Jesus Saves, Moses Invests, Mohammed Plunders
Property, according to Richard Pipes, is “the key to the emergence of political and legal institutions that guarantee liberty.” Look at most anyplace in the world where there is an absence of liberty, and you will find weak property rights.
Liberals--classical liberals, anyway, not the misnamed leftist kind--have always understood that property is much more than property. Rather, it is the cornerstone of freedom, its very enabler and protector. And underneath property is the use of legitimate violence to protect said property. For if ever there were “sacred violence,” it is the violence that ensures the protection of property, for without property, humans cannot become fully human.
For one thing, property is simply a free expression of “what people want,” and to a large extent, what you want is what you are, for better or worse. Therefore, property is an extension of the person. I once read a description of this by the outstanding psychoanalyst and writer, Christopher Bollas, who notes that the self can never be perceived directly, only indirectly, largely through its use of objects:
“Perhaps we need a new point of view in clinical psychoanalysis, close to a form of person anthropology. We would pay acute attention to all the objects selected by a patient and note the use made of each object. The literature, films, and music a person selects would be as valued a part of the fieldwork as the dream.” In so doing, we may “track the footsteps of the true self.”
For me, if I go to someone’s home, there are two things I am most curious about: the books and music it contains. And the medicine cabinet. Likewise, I should think that after I am gone, a psychoanalytic fieldworker would be able to construct a fairly accurate representation of me by merely rifling through my library. A person whose name I cannot recall referred to reading as “the mystery school of individuation.”
Just consider the odd assortment of books in my sidebar. I am quite sure that no one else on the planet has a matching list. There may not be another person in history who has read and assimilated those particular books. I am not saying that to boast, only to emphasize the amazingly unique alchemy of choices we all embody when given the opportunity to exercise those choices. As Petey once said, “freedom is eccentricity lived,” and he has a point. At the very least, freedom is individuality lived, and it is very difficult to live out your individuality without a range of choices before you.
I realize it’s politically incorrect to say this, but in the course of my work I have had the opportunity to evaluate a fair number of people from second and third world cultures, and what always impresses me about them is their essential sameness. Their life stories are all remarkably similar, almost as if they were the same person. And in a way they are, for they were not brought up in a cultural space in which they could develop their own metaphysical dream. Instead, their life is dreamt by others, either vertically by a ruling class or horizontally by the collective. What Bollas calls the person’s “destiny drive” has been almost entirely squelched. They do not live in a space of possibilities, only a sort of invariant and unchanging now.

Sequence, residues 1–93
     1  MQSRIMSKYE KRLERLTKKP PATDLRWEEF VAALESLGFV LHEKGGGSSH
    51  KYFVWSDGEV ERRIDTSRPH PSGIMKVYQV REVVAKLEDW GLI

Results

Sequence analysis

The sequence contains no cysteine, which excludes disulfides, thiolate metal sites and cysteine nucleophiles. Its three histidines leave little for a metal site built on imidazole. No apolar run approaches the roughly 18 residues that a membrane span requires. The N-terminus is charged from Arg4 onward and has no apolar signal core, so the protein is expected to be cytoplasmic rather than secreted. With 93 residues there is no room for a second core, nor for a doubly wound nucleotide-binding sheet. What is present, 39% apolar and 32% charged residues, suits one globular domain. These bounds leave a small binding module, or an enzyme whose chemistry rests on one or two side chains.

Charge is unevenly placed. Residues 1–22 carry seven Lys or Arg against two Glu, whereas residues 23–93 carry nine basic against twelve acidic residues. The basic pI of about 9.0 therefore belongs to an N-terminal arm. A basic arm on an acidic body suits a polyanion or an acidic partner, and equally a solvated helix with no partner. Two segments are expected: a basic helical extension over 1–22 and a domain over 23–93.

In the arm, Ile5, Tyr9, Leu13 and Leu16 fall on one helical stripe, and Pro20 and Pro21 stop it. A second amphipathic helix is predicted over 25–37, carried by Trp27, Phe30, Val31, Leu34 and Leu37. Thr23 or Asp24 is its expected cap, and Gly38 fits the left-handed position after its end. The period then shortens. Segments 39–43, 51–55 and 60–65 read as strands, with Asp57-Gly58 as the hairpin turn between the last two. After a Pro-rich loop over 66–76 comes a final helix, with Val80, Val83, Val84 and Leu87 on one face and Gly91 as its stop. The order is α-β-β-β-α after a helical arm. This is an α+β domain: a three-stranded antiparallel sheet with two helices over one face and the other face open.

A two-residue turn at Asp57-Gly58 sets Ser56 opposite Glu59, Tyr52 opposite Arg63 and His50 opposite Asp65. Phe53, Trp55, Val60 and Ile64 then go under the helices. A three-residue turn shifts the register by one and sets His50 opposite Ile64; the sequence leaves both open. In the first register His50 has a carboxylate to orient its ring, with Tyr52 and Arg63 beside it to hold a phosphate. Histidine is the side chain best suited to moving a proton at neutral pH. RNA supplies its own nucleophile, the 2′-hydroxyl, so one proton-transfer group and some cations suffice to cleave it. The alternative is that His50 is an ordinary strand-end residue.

Pipes notes that “while property in some form is possible without liberty, the contrary is inconceivable.” And this is one thing that frightens us about the illiberal left, for as we have said many times, if you scratch a leftist, he will probably sue you. But underneath the scratch, you will discover a conviction that your property doesn’t really belong to you, but to the collective. It is simply a variation of the bald-faced assertion that “private property is public theft.” itself the absolute inversion of the seventh commandment. For as we have also had occasion to mention before, Karl Marx was the great anti-Moses with the reverse Sinai revelation, and all forms of contemporary leftism may trace their intellectual genealogy to him; whereas the modern conservative intellectual movement is the current expression of an entirely different stream of thought, classical liberalism.
Our most precious property is, of course, our own body. However, it is amazing how late in history this idea emerged. For example, the Islamic beasts we are fighting have no such notion. In their cultures, your body belongs to the religious authorities, and only they can dictate what you can and cannot do with it. For example, a woman’s body is not her own. She has no choices (or only a narrow range of choices established by others) of how to express it, how to adorn it, and whom to share it with. (Memo to trolls--please don’t even bother. The moral issue behind the abortion debate is not whether a woman has a right to do whatever she pleases with her own body, but whether she has that right over another’s body. That’s the whole point.)